Double standards: 'The one who feeds you at her breast later wants nothing to do with you'
The 'double standards' and 'religious, catholic and evangelical fundamentalism' are two of the factors that fuel hatred in El Salvador. 'The one who kisses you, who feeds you at her breast, then wants nothing to do with you outside that context,' says Karla.
The labour market is not open to them: some trans women even had to give up their jobs after public pressure on the Secretariat of Social Inclusion. 'There are some opportunities for homosexuals, but for trans people there is nothing in either the public or private spheres.' As a result, many feel forced into prostitution like Avelar.
The media doesn't help either, the activist believes: 'TV broadcasters should educate and raise awareness, but many subscribe to the idea that homosexuality and transsexuality are a risk. A journalist talks in a way that is openly discriminatory and nobody says a thing.'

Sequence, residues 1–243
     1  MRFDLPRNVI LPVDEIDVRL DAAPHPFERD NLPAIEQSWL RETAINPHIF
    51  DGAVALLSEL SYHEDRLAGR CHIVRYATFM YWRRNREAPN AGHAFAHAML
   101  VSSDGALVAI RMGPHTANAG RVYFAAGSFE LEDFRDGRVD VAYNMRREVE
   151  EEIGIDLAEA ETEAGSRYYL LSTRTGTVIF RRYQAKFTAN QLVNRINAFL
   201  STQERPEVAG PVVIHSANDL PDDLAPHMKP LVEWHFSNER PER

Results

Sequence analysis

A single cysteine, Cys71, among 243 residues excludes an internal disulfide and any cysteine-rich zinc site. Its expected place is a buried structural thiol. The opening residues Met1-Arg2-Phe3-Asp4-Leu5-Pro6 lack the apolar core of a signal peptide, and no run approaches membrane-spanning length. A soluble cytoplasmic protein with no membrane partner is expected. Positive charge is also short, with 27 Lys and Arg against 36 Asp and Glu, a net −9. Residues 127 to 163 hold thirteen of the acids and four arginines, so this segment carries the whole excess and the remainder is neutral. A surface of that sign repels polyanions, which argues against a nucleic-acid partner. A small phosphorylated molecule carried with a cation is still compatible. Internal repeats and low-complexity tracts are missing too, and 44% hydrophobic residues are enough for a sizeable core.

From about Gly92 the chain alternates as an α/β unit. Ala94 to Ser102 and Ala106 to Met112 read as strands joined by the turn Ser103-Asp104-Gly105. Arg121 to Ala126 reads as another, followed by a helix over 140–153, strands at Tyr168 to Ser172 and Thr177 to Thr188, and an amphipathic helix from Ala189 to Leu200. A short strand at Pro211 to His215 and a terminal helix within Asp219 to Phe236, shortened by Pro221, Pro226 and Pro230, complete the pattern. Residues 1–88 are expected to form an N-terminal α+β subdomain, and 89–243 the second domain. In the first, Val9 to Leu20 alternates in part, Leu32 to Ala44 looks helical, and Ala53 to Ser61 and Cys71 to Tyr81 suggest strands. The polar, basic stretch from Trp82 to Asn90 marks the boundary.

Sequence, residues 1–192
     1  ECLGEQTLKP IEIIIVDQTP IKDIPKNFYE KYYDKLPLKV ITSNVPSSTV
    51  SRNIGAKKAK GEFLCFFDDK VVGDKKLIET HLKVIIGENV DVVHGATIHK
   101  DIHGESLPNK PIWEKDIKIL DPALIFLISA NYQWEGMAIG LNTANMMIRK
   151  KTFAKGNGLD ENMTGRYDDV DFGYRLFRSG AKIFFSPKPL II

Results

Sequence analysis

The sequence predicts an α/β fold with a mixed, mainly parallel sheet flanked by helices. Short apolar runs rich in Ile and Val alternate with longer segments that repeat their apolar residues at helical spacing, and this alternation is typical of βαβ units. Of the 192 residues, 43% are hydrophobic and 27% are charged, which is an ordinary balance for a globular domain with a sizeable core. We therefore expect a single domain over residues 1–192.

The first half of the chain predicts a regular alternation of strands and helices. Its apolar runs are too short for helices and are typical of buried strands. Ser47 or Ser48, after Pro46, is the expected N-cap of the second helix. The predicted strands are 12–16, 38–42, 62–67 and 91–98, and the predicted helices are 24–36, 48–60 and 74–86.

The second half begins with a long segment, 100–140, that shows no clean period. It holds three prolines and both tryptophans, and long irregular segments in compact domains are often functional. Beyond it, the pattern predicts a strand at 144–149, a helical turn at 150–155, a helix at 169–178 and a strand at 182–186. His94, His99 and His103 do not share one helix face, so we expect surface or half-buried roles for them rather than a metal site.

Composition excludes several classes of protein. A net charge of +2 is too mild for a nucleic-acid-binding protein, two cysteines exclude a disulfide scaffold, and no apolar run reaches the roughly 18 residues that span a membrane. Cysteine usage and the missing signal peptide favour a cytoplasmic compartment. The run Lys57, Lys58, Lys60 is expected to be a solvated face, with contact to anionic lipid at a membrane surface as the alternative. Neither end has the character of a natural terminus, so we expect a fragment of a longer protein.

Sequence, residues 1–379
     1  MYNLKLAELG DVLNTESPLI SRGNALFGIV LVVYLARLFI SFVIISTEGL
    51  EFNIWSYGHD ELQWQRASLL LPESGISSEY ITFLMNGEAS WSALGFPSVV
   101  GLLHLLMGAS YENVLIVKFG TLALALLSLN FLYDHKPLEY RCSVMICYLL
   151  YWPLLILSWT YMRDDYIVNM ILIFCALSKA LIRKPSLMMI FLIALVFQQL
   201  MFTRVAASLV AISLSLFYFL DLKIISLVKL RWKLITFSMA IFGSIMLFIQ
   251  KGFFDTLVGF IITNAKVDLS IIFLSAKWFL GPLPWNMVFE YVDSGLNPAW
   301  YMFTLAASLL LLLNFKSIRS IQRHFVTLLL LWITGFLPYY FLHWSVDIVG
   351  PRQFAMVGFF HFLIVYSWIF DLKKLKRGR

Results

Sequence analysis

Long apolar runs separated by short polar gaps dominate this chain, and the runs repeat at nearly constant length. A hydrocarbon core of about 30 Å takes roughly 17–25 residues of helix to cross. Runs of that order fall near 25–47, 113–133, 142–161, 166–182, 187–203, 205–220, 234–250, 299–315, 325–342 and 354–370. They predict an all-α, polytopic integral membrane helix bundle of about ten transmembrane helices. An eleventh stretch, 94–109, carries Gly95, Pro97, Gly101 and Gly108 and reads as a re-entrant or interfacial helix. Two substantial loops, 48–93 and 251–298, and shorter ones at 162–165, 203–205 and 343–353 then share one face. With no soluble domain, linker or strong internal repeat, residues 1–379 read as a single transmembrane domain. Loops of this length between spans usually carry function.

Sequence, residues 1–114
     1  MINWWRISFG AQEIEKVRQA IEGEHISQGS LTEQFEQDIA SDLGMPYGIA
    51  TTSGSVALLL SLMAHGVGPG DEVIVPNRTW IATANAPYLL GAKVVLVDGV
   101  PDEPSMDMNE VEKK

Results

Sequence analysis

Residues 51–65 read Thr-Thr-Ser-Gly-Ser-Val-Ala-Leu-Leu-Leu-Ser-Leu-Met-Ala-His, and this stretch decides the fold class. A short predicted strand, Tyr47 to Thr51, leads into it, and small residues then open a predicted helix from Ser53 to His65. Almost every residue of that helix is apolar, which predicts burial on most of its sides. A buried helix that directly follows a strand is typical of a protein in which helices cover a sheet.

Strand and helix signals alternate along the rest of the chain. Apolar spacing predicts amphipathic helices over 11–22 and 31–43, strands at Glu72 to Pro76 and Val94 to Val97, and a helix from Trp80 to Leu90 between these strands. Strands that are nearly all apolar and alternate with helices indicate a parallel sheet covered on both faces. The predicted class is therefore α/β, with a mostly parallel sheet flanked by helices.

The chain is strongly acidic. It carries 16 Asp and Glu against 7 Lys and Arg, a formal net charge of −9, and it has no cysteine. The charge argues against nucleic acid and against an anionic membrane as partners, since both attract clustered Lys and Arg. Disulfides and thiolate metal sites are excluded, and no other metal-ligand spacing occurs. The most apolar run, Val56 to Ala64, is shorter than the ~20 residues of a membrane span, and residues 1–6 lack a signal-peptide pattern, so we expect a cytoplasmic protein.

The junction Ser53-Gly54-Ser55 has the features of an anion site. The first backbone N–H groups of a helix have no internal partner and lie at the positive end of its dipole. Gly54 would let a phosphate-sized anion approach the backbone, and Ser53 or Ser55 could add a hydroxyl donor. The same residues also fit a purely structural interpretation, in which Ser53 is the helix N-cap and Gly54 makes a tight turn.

The context of transphobia in El Salvador can not be dissociated from the culture of violence propagated by the street gangs. 'It's a failed state and the gang epidemic has gotten out of hand. Gang members are forcing civil society to exercise violence: they are a black stain on our society,' Karla states.
Thanks to Karla's drive and initiative, El Salvador's first transgender association was born. Five more have subsequently emerged. And now, thanks to her award nomination, she hopes to 'train the critical gaze on the Salvadoran state, a constructive gaze that motivates change.' And she hopes that she will be alive to see those changes come about.